Drinking water hygiene - temperature and time are crucial

Thermal circulation adjustment

Drinking water installations have become more complex in recent years, creating more room for hygiene risks. Because whenever the necessary technical or hygienic requirements are not met, there is an increased risk of contamination - especially from Legionella. The optimum hot water distribution through thermal circulation balancing minimises this risk. The members of the sustainability initiative Blue Responsibility explain which legal regulations must be observed and which reliable solutions exist to keep drinking water permanently sterile.

Water is inert

The pathogens find optimal living conditions for propagation at water temperatures of approx. 30°C to 45°C. This health-endangering germ formation can be counteracted with a constant water temperature of more than 55°C. The water temperature can be adjusted to a constant value. "Since hot water would assume the temperature of the environment when not in use, circulation systems must ensure that the temperature is maintained permanently. A circulation pump transports the heated drinking water through the hot water system and feeds it back to the drinking water heater, where it is reheated," explains Stefan Pohl of Kemper. Since water always seeks the path of least resistance, the circulation pump prefers to pump hot water into areas with low pressure losses. In order to be able to reach all areas, low pressure losses must therefore be artificially increased.

High temperatures protect

If there are more than three litres in one of the hot water flow paths between the DHW heater and the tapping point, there must be circulation so that hot water is immediately available. The hot water outlet temperature at the central drinking water heater must be at least 60°C and must be fed back to it at a re-entry temperature with a maximum difference of 5°C. The temperature of the hot water outlet at the central drinking water heater must be at least 60°C and must not exceed 5°C. This can only be achieved with a hydraulically balanced circulation system. So-called circulation control valves (thermal and static) e.g. from Oventrop, Resideo/Honeywell Home, Kemper and Viega make it possible: They ensure continuous thermal and hydraulic balancing of the piping system. "Our experience shows that the most frequent cause of a Legionella finding is an unbalanced or insufficiently balanced drinking water installation," explains Volker Galonske of Resideo/Honeywell Home.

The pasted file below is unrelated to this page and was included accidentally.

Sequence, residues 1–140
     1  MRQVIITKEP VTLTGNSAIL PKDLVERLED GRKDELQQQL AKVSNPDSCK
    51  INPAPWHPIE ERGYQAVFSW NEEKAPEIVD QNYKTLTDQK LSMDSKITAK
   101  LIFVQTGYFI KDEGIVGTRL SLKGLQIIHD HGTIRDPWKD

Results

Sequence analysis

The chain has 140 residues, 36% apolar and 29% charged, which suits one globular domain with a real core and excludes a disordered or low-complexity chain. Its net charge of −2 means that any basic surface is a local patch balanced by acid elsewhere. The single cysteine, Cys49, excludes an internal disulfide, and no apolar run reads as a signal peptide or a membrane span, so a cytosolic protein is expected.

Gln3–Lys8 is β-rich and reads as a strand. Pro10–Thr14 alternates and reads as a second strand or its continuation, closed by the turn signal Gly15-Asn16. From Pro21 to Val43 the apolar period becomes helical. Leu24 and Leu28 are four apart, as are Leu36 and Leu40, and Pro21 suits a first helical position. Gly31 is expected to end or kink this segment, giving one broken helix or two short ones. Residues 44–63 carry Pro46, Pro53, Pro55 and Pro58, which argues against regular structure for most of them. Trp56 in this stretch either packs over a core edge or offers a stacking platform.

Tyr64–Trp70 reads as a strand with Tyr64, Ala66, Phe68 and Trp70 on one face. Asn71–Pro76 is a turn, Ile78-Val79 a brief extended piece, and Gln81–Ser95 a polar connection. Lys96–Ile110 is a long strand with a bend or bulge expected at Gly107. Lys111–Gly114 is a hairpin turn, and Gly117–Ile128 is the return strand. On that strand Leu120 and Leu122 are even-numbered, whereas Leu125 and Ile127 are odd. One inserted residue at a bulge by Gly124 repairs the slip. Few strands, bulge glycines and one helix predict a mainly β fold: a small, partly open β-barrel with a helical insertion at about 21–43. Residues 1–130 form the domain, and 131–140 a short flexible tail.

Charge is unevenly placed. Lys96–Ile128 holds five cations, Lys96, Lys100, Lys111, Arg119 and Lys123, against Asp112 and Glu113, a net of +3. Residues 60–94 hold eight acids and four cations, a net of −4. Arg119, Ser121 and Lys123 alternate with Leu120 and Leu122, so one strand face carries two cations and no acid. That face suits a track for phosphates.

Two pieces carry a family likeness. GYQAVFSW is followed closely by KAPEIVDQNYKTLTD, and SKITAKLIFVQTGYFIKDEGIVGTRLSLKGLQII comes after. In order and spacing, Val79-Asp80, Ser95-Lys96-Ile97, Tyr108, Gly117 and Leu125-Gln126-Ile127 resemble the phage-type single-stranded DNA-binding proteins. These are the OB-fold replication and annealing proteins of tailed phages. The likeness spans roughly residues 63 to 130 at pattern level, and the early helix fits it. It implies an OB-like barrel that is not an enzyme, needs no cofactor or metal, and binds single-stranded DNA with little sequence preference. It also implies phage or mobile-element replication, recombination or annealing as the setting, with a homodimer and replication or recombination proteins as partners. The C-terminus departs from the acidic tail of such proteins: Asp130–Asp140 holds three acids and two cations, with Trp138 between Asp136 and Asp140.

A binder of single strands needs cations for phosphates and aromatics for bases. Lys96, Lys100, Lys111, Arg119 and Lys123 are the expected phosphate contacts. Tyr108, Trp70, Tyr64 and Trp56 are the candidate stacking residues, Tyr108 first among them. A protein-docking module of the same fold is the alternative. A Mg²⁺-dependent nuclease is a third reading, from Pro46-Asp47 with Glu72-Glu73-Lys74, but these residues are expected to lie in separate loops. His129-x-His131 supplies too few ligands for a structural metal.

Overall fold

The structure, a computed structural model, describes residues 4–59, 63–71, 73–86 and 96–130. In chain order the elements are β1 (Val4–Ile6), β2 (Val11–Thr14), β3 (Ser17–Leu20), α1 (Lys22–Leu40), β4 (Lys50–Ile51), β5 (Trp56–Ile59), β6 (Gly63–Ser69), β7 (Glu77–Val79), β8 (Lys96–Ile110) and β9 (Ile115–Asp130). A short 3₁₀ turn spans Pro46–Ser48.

How the thermal circulation adjustment works

The task of hot water recirculation is performed by a circulation pump. In order for the distribution of the water temperatures to take place evenly, a controlled flow through all pipe sections of the circulation system is necessary. In branched systems, however, different system components cause different pressure losses. These are compensated within the framework of the thermal-hydraulic adjustment. For this purpose, the differential pressures of the individual hot water pipes are determined and adjusted by "adjustable resistances" in the pipe network - usually preset control valves such as those from Resideo/Honeywell Home, Oventrop, Kemper or Viega. This means that where too much water flows, the water flow is slowed down by the default setting.

The energy issue

In all considerations regarding the installation of a drinking water system, the requirements of the Drinking Water Ordinance always take precedence over those of the Energy Saving Ordinance. Wolfgang Burchard, spokesman for Blue Responsibility, sees things in a similar light. "The German sanitary tap manufacturers offer technical solutions for the constant guarantee of drinking water hygiene. The use of high-quality, intelligent systems is particularly important in public sanitary facilities in order to prevent contamination of the water". By the way: A system that meets the requirements of the Drinking Water Ordinance does not necessarily have to have a negative effect on energy consumption. Although water is constantly heated, the energy required for temperature control is reduced by the optimum distribution of the volume flows compared to unregulated systems.

Source of title: Oventrop - 2019

Source Oventrop - 2019


Source: VIEGA - 2019